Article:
Not only are Syrians with potentially deadly ties to terrorism coming into the U.S., but Americans are going to Syria to fight for ISIS. Many are lured over the Internet or encouraged by radicalized mosques in the U.S. to fly to the Middle East and wage jihad. Once they receive military training they are a danger to return to the United States.

Situation ‘out of control’

Another purpose of McCaul’s hearings was to get a handle on the size of the ISIS fighting force and how many Westerners have left their countries to fight for the terrorist army, which has butchered Christians across Iraq and Syria.

More than 150 Americans are believed to have gone to fight for ISIS. That’s up from the number Vice President Joe Biden gave just last fall, when he said about 100 Americans were fighting for ISIS.

“We don’t have it under control,” said Steinbach. “Absolutely, we’re doing the best we can. If I were to say that we had it under control, then I would say I know of every single individual traveling. I don’t. And I don’t know every person there and I don’t know everyone coming back. So it’s not even close to being under control.”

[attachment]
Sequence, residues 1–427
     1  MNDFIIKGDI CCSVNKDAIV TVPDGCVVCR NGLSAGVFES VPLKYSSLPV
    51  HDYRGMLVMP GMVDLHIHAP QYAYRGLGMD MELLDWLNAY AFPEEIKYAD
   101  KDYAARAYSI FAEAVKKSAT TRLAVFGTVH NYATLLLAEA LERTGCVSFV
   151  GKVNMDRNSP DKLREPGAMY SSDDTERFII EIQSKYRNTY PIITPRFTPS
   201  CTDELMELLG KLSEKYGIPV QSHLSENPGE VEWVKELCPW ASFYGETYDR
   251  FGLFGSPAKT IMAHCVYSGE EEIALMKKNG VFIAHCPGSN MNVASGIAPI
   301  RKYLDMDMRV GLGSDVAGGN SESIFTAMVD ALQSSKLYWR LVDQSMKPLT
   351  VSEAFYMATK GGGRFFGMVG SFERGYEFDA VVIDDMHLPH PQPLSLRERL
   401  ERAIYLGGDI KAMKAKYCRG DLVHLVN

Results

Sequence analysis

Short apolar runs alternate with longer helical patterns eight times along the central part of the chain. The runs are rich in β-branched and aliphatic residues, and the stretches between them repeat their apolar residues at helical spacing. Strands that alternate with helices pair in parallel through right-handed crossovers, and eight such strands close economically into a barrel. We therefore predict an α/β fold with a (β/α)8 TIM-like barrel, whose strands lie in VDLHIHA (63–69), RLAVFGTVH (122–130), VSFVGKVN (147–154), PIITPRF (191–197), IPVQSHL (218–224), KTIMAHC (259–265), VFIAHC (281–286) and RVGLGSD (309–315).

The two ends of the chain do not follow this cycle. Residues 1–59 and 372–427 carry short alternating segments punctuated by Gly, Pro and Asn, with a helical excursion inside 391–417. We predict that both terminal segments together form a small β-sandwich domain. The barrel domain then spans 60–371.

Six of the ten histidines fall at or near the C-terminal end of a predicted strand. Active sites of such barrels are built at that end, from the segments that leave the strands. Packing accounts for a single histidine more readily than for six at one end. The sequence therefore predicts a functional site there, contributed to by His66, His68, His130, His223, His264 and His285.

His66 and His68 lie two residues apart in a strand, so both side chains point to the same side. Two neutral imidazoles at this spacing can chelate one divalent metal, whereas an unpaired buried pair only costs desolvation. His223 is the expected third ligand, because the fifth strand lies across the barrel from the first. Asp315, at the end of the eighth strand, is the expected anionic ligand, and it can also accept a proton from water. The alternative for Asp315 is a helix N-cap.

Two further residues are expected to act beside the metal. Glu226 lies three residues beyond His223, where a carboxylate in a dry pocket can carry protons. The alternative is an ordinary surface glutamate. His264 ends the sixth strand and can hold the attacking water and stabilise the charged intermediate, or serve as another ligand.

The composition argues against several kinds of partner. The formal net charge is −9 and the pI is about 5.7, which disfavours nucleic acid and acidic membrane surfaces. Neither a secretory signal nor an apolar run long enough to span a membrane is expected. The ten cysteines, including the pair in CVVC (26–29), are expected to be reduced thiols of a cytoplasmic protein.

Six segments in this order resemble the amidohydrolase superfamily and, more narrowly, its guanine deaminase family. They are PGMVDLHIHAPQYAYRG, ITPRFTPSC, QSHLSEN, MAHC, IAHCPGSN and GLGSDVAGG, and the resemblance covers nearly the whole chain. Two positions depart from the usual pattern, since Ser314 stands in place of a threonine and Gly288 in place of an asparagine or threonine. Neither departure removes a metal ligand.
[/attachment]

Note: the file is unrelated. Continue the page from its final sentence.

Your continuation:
McCaul said the American people want answers.

“You know the American people have seen Americans, the American journalists, beheaded by the ISIS executioner. It was a wake-up call for the United States,” McCaul said. “Kayla Mueller was just recently executed.

“And the Jordanian pilot, in one of the most horrific videos I’ve ever seen, in a very sophisticated Hollywood movie production style, lit in flames,” he continued. “They’re barbarians. And I think the barbarians are at the gate. We want to keep them outside the gates of the United States. I’m concerned that some have already returned.”

McCaul said the ISIS army is 50,000-men strong, but an article by WND earlier this week cited an Egyptian intelligence report that estimates the terrorist army could muster up to 180,000 or more fighters if it called in allied forces from al-Qaida, al-Shabab, al-Nusra and other like-minded Islamic groups.

What’s more troubling is the number of foreign fighters flooding in from the West. ISIS is not a nationalist movement with loyalties to any nation. Rather, it is an Islamic movement bent on building up the caliphate declared by Caliph Abu Bakr al-Baghdadi.